Crushin’ goals.

Note: It has taken me way too long to write this post, so much so that it feels almost ‘outdated’.

Continue at will…

….a few years ago I had a crazy idea. I had decided I wanted to represent Australia in triathlon as an ‘Age Grouper’ (age grouper = non professional). And now I can say that just over a month ago my crazy idea came true, except not in triathlon (swim-bike-run) but in duathlon (run-bike-run).

I had no idea this was a thing – representing your country as an ‘Age Grouper’, until I started getting back in the triathlon circle in Ipswich and Brisbane. To explain simply how you can represent your country in such events: do some races, get some points and apply to be on the team. Presto. There are a certain amount of spots for each age group and each event, and if you have enough points then qualify.

Now, I must make it clear that this opportunity to wear Green & Gold is entirely self-funded: race entry, flights, accommodation, uniforms etc. So, as you can image, not everyone that is racing in these events is racing to quality. Which allows for opportunities for people (like myself) to get the golden ticket by only competing in one qualifying race. I call it my Stephen Bradbury moment.

Qualifying was one thing, however, getting to the start line was more difficult. It wasn’t smooth sailing and I had to work through a rolled ankle, influenza/man flu, and a month before the race inflammation in the foot. A few weeks before the race I did consider withdrawing – what was the point if I wasn’t prepared properly for the world stage? But I decided that a DNF (did not finish) was better than a DNS (did not start). And it was non-refundable…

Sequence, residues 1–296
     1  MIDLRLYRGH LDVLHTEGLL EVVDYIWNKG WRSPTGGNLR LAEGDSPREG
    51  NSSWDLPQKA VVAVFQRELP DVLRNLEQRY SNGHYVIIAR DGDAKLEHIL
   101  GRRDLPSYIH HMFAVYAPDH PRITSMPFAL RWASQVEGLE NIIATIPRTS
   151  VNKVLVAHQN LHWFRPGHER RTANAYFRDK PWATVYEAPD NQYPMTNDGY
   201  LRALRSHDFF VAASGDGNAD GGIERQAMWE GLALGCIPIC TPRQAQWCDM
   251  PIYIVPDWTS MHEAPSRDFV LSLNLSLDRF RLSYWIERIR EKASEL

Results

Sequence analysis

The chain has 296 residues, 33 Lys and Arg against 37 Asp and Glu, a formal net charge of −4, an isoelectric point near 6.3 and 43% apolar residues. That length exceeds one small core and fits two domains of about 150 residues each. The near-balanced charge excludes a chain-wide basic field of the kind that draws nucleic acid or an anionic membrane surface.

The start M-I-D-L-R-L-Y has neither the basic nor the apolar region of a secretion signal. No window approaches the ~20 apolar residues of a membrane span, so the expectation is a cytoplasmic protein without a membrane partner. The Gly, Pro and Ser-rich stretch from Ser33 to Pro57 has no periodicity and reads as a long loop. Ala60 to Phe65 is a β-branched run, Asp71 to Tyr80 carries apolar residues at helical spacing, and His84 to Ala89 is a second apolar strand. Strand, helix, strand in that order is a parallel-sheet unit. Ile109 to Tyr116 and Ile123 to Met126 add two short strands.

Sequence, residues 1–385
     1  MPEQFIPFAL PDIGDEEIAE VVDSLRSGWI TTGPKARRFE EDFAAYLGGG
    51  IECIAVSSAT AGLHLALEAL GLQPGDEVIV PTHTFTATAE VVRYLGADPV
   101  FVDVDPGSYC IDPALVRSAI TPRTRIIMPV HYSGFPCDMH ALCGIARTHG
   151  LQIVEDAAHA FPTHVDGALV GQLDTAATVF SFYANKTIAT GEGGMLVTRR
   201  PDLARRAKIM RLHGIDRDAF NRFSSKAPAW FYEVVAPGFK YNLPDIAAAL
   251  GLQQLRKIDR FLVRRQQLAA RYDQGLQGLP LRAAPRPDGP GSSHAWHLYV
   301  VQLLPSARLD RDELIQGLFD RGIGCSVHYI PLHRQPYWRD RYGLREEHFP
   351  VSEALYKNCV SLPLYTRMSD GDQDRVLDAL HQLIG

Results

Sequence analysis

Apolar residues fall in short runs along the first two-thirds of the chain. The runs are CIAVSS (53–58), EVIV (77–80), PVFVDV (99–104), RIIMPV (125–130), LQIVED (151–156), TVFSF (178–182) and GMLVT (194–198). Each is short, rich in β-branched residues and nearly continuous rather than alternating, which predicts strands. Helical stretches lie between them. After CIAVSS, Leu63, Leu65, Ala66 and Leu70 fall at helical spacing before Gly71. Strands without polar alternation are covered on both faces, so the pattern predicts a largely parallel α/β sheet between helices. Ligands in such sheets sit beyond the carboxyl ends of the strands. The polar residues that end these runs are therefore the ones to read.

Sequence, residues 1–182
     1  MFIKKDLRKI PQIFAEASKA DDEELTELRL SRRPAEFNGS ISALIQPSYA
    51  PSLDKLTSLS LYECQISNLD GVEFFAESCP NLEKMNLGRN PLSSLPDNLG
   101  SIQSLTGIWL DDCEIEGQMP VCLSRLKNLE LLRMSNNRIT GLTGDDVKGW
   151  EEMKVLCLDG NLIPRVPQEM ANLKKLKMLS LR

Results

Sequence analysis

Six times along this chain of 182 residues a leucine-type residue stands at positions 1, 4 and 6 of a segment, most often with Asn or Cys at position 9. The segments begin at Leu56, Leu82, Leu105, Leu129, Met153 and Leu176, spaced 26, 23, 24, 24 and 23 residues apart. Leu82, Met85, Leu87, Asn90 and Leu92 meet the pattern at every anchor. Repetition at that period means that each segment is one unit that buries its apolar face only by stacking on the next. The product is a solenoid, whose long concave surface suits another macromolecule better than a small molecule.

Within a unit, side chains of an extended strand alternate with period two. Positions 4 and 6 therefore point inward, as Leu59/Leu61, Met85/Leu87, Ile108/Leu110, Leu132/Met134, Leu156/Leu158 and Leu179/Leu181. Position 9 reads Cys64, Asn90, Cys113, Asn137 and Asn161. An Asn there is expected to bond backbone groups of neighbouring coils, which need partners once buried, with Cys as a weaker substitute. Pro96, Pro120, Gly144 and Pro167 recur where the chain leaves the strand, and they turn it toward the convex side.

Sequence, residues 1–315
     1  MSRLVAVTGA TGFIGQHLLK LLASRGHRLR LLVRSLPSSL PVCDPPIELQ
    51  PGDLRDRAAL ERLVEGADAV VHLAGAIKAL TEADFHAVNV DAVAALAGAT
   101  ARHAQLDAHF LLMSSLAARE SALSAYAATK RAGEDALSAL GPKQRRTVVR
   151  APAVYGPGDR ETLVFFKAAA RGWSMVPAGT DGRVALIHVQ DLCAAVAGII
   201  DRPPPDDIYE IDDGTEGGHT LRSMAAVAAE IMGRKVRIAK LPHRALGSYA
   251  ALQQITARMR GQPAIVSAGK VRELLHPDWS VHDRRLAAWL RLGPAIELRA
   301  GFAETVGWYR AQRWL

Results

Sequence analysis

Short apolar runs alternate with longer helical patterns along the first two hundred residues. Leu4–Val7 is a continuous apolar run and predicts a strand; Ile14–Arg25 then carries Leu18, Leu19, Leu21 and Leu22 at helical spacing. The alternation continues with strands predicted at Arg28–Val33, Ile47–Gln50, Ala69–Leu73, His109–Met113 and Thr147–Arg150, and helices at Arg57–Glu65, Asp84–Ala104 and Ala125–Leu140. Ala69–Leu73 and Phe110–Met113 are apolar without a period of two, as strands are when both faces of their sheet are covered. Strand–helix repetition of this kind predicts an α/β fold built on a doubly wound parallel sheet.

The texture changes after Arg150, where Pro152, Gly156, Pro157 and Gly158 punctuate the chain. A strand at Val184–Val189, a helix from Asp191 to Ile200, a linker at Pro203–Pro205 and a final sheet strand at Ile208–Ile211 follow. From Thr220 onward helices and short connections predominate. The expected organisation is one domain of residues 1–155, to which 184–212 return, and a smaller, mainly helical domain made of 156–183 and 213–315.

Without boring you all with all the other drama of broken bike parts and trips to the physiotherapist, I’ll skip straight to race day…



There’s a common thought process with racing: never try something new on race day. I’ve never been one to follow the rules, and so to throw into the mix the lack of training, I was going to be wearing new shoes for both the 10 km run and 5 km run off-the-bike, I would be wearing the Australian triathlon suit for the first time, and using completely foreign nutrition during the race.